Book Review: In the Clearing by Robert Frost (1962)

I bought this book at a yard sale some years ago, and I’ve decided recently to add a volume of poetry to my mix of books on my nightstand (after my experience with the book of Leonard Cohen’s selected poems). So I read this book.

It’s only 100 pages of primary material, and doesn’t represent a collection of material showing a poet’s evolution. Hence, I could enjoy it and the poems within it much more easily and much more viscerally than I could something with footnotes or 40 page introductions indicating why the poet was good.

Oddly enough, Robert Frost published this book in 1962, which is within the span of years contained within the four volumes in the Leonard Cohen selection (1956-1968). Cohen’s material seems much more contemporary and Frost’s more archaic, but the lack of “sophistication” belies some powerful poetry.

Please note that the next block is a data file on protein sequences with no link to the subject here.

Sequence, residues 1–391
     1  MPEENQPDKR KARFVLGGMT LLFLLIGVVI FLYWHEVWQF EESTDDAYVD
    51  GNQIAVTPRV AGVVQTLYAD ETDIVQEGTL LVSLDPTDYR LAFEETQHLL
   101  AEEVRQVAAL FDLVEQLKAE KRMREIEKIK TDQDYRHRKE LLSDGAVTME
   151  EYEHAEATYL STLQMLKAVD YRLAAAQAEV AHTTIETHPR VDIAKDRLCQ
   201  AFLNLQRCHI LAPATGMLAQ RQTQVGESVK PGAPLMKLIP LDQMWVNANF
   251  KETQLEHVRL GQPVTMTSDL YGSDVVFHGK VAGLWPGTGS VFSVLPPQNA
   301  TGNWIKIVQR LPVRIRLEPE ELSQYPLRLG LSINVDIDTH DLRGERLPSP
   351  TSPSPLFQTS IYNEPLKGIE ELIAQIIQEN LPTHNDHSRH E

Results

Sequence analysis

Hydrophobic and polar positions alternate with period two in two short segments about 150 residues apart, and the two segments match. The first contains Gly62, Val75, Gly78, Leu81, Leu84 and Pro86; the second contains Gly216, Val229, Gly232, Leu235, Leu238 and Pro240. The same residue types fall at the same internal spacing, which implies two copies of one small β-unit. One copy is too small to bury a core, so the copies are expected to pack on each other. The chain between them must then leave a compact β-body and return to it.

Frost rhymes almost exclusively, and any serious poet who attended college gets that beaten out of them pretty effectively (and unserious poets rarely bother). So a contemporary reader, even I, can find himself or herself pooh-poohing the rhymes as unsophisticated. Sometimes, they are; he rhymes US with Russ (for Russian) at one point. I gave that up early in college, and prefer to work a little harder to make rhymes work.

But if you spend too much time carping about the rhymes and the simplicity of the language of the poems, you miss out on Frost’s ability to nail a phrase or line that captures something of human experience that you’ll want to quote and that his simplistic poems often have deeper meanings below the surface that you can fathom without a copy of the Oxford English Dictionary and certain material related to the Kabbalah.

So read more Frost. I knew once that it was good (high school, before I became more “educated” in my poetry tastes) and now again.

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